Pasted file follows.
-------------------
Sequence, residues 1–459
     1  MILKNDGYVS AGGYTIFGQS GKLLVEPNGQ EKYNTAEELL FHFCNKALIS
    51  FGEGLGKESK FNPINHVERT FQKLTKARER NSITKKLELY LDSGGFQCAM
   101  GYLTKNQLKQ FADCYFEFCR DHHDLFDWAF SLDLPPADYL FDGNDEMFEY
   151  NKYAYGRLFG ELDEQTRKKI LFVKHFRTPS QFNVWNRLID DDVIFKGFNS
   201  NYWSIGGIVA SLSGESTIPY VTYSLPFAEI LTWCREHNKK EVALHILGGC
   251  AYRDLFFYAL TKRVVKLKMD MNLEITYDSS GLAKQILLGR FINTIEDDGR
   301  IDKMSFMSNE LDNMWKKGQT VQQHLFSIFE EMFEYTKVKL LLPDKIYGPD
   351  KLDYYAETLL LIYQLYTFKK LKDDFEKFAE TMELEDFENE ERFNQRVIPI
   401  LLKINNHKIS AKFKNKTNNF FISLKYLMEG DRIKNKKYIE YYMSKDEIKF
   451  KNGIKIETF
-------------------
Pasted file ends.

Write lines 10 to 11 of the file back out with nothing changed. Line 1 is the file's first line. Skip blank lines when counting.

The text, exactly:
   401  LLKINNHKIS AKFKNKTNNF FISLKYLMEG DRIKNKKYIE YYMSKDEIKF
   451  KNGIKIETF